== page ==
Series: The Chemical Garden Trilogy #1
Publisher: Simon and Schuster
Genres: dystopian, post-apocalypse, romance, sci fi
Audience: young adult
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FTC Disclosure: I may have received this book for free from publisher in exchange for an honest review. This does not affect my opinion of the book or the content of my review.
What if you knew exactly when you’d die? The first book of The Chemical Garden Trilogy.
By age sixteen, Rhine Ellery has four years left to live. A botched effort to create a perfect race has left all males born with a lifespan of 25 years, and females a lifespan of 20 years—leaving the world in a state of panic. Geneticists seek a miracle antidote to restore the human race, desperate orphans crowd the population, crime and poverty have skyrocketed, and young girls are being kidnapped and sold as polygamous brides to bear more children.
When Rhine is sold as a bride, she vows to do all she can to escape. Yet her husband, Linden, is hopelessly in love with her, and Rhine can’t bring herself to hate him as much as she’d like to. He opens her to a magical world of wealth and illusion she never thought existed, and it almost makes it possible to ignore the clock ticking away her short life. But Rhine quickly learns that not everything in her new husband’s strange world is what it seems. Her father-in-law, an eccentric doctor bent on finding the antidote, is hoarding corpses in the basement; her fellow sister wives are to be trusted one day and feared the next; and Rhine has no way to communicate to her twin brother that she is safe and alive.
Together with one of Linden's servants, Gabriel, Rhine attempts to escape just before her seventeenth birthday. But in a world that continues to spiral into anarchy, is there any hope for freedom?
Wither is set in the future, in a world that somehow seems both futuristic and primitive at the same time. War has literally changed the world as we, the reader, know it. Modern science and technology have changed humanity, illusions and holograms having replaced reality and the humanity of relationships. The desperation that society feels is evident in the way it has changed and the lines between what is right and what is wrong have been thoroughly blurred. Although an set in an alternate reality, there was a very clear parallel between that world and our own. The alternate reality was fully believable as a real possibility for our future which made the entire story that much more intriguing.
I thought the writing of this debut novel from a young author was exquisite. I was immediately drawn into the story and into the lives of the characters. The author excels at drawing out emotion from the reader and blends the surreal and reality seamlessly. The very first paragraph set the tone for the rest of the novel:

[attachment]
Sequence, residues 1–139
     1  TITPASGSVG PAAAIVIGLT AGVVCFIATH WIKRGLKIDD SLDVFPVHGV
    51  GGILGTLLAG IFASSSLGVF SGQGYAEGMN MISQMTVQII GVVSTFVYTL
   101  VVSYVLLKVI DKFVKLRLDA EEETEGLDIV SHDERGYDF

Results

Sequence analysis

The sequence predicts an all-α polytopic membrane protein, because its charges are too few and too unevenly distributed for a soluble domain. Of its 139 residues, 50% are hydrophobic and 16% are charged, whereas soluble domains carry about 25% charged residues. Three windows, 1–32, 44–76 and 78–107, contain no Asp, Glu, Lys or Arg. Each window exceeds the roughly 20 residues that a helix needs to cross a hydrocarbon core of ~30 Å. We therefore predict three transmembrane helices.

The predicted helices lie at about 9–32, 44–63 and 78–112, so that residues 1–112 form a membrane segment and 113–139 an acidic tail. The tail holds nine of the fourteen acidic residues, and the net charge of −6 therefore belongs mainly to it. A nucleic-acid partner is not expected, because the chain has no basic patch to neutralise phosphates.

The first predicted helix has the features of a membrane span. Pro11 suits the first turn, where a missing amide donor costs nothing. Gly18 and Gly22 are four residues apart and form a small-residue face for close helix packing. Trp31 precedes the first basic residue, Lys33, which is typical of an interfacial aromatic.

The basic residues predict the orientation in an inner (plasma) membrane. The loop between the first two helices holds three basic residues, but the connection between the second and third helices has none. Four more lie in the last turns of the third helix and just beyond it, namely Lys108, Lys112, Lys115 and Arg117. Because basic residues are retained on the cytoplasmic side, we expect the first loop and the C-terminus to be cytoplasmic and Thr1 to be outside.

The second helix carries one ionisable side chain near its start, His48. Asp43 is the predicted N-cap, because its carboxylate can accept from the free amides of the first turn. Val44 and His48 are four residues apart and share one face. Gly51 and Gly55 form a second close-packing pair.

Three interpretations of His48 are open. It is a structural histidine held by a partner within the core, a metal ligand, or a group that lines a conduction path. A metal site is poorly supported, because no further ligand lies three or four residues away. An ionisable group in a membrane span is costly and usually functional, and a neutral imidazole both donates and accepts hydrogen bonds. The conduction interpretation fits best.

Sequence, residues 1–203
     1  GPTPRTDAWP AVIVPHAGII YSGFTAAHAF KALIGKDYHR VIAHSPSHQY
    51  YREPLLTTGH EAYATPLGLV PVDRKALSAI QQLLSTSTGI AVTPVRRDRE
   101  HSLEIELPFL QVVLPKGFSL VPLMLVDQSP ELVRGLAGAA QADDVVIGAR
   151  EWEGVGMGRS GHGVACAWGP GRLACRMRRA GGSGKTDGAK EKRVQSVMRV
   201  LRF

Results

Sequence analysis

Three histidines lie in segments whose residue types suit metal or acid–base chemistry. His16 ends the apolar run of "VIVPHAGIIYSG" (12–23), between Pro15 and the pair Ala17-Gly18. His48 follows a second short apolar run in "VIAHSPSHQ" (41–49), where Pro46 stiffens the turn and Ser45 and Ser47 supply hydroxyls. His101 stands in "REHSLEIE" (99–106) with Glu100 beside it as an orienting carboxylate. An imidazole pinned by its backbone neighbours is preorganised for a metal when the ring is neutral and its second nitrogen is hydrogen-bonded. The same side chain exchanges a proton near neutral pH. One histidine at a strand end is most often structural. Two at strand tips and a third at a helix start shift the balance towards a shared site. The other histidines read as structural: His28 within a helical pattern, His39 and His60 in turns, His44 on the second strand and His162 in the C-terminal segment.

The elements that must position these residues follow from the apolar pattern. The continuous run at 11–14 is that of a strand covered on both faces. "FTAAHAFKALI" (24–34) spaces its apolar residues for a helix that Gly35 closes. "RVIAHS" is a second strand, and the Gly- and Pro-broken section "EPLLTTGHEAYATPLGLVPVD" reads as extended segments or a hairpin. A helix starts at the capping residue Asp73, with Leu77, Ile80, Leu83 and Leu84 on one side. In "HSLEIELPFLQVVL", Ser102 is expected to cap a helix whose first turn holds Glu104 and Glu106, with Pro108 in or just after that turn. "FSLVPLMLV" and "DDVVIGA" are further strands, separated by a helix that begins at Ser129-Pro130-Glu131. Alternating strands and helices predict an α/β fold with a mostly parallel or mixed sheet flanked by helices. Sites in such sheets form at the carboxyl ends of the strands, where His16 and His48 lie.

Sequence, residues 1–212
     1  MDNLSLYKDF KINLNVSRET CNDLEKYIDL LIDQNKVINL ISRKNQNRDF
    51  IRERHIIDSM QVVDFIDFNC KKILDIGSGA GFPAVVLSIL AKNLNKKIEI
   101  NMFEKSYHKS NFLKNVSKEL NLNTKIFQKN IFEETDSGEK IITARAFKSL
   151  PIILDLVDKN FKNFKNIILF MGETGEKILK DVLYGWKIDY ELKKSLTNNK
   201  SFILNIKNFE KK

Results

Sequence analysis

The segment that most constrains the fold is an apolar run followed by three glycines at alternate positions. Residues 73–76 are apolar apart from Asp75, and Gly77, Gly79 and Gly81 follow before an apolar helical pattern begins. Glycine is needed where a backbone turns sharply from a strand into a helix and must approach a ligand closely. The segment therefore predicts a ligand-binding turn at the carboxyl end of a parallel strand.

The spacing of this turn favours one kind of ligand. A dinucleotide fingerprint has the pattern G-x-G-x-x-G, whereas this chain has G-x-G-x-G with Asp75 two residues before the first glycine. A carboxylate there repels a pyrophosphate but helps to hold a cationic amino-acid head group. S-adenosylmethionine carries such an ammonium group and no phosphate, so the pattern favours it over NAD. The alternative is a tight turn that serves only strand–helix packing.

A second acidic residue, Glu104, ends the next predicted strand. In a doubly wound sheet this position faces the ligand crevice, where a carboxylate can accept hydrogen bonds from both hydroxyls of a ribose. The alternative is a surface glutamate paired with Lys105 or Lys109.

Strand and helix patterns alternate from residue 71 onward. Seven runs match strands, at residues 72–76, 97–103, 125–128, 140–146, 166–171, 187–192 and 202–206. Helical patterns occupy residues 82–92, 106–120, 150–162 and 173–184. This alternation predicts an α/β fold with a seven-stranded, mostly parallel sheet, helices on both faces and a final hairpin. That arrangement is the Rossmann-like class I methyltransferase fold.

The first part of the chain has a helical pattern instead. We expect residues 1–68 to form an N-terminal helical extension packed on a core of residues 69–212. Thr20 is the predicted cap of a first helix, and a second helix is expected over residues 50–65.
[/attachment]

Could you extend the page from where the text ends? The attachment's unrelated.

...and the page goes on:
“I wait. They keep us in the dark for so long that we lose sense of our eyelids. We sleep huddled together like rats, staring out, and dream of our bodies swaying.”
I love characters that I can fall in love with, root for, feel for, become involved with. The characters in Wither didn’t disappoint. I liked the fact that no one character was pure, whether purely good or purely bad. The fact that the good and the bad, the selflessness and the selfishness, was a part of each character further demonstrated the theme that humanity had changed people. In different circumstances, maybe these people would have been different, but the reality of their world as they knew it changed how they thought, how they behaved. This made the characters far more relatable in the setting of the story.
I was drawn into the story from the moment I began reading. I didn’t want to put it down once I started. I absolutely love a novel that calls you to it and makes you want more when you finish it. I love a novel that makes you feel all the things the characters are feeling and makes you care about those characters as if they were real. This novel did that for me!
The ending of the novel didn’t answer all the questions or tie up all the loose ends, but it wasn’t supposed to. It gave enough to satisy, but left the way clear for the next book. I truly did not want the book to end and it saddens me that this, the first of three, isn’t due out until the end of March. Why? Because that means it is going to be even longer until the next one comes out!
I know that you aren’t supposed to judge a book by its cover and I really don’t, but sometimes a cover is so striking that it really hits me. Not only is the cover art of this book stunning, I love the fact that the image of the girl matches a scene within the book. Too many times, the covers seem to be unrelated to the story inside, but this one was perfect. I also loved the symbolism of the caged bird, a detail I didn’t truly appreciate until I got farther into the story.